This blog post gives a brief overview of the infamous sampling technique in sport science and exercise physiology circles known as the muscle biopsy. Many (under)graduate students will have “earned their stripes” by taking part in nutrient and exercise interventions using biopsies. So, why do we do it? This post will give an overview of the history of the biopsy, the development of the technique, as well as some commentary on the sampling methodologies and some considerations for exercise physiology research. For this post, I have leaned heavily on Bjorn Ekblom’s (Astrand Laboratory, Swedish School of Sport and Health Sciences) review article which you should check out here* https://onlinelibrary.wiley.com/doi/full/10.1111/sms.12808 and a recent publication form our group led by Dr Robert Davies (PESS) which you can read in full here* https://onlinelibrary.wiley.com/doi/abs/10.1111/sms.13295
Brief History and Technique Development
The modern technique suitable for human sampling was originally described in a paper by Bergstrom in 1962, however, it seems muscle biopsies were already being used by other labs at this point with biopsies mentioned in papers by Harrison (1952) and Reiffel and Stone (1957). Bergstrom is credited with the development of the technique as he described the method, the use of the needle and some potential clinical applications of the muscle biopsy. The needle he describes is referred to as the “Bergstrom needle” (Figure 1). Others favoured the use of the Weil-Blakesley conchotome (Figure 2) while more recently, many researchers have moved toward a minimally invasive microbiopsy procedure first described by Hayot and colleagues in 2005 (here http://erj.ersjournals.com/content/25/3/431.long).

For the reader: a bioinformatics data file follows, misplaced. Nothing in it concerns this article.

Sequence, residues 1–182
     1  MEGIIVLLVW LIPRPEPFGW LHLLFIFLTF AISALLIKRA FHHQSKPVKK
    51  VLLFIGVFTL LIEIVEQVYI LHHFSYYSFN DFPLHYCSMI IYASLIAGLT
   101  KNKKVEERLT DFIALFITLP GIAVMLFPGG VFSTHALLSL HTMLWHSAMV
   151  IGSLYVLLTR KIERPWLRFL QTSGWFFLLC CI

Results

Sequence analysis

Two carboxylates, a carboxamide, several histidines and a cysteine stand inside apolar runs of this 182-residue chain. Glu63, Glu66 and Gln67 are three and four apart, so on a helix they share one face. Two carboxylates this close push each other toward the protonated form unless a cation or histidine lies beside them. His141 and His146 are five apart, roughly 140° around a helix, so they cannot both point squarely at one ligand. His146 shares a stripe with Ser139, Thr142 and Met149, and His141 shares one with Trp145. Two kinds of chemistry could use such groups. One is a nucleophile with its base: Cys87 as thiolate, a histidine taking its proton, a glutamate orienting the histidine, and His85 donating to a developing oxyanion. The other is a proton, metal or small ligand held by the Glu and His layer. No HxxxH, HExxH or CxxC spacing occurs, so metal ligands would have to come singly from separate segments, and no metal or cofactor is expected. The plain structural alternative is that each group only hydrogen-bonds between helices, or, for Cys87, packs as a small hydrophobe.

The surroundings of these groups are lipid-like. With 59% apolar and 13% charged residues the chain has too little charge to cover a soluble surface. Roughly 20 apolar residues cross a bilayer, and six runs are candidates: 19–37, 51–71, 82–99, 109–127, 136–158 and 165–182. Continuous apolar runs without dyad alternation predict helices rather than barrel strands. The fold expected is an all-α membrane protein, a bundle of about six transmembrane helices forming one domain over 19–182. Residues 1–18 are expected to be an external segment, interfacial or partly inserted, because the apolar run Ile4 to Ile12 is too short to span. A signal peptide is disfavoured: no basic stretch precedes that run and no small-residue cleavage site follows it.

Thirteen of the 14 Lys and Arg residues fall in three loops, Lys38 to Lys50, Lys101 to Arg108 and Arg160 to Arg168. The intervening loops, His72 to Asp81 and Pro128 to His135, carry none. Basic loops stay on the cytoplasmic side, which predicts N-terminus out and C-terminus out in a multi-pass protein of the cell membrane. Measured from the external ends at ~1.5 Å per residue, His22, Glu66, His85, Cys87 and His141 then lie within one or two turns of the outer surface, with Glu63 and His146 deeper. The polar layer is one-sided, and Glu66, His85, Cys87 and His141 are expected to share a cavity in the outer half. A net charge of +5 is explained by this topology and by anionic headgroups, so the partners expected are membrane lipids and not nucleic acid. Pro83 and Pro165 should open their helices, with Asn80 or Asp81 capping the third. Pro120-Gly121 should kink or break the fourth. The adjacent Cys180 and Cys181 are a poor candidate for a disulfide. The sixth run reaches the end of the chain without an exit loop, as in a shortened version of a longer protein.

Figure 1. Bergstrom needle (outer cylinder, inner cylinder, rod)
Figure 2. Weil-Blakesley conchotome
Figure 3. Microbiopsy needle
Comparison of methodologies
The Bergström needle consists of two cylinders. The outer cylinder is 3-5 mm in diameter with a window near the tip (Figure 1) where muscle tissue bulges into the window. By pushing down the smaller inner needle through the outer one, the sharp inner needle cuts the tissue that bulges in through the window like a guillotine. Up to 80 mg of muscle tissue can easily be extracted but sometimes suction is added to increase the tissue which bulges into the window, and thus increases the tissue yield. The Weil-Blakesley conchotome consists of an alligator forceps that opens with a scissor grip. Typically 80 mg of muscle tissue is extracted with larger conchotomes. Ekblom suggests that the small conchotome causes less discomfort during the procedure and less pain the day after a muscle biopsy while enough muscle tissue can still be extracted. The microbiopsy procedure which has recently become more prominent, is less invasive, as in contrast to the other two procedures no incision is required. A 14-18 guage needle (Figure 3) can be used, similar in principle to the Bergstrom, but using a spring-loaded trigger mechanism, these needles can obtain up to 55 mg of tissue which is sufficient to carry out most analyses. Most models tend to be disposable, which is considered an advantage, as both the Bergstrom and Weil-Blakesley conchotome require sterilisation by autoclave before re-use. A combination of these factors has led to the adoption of this technique in more and more labs recently.
Value of the muscle biopsy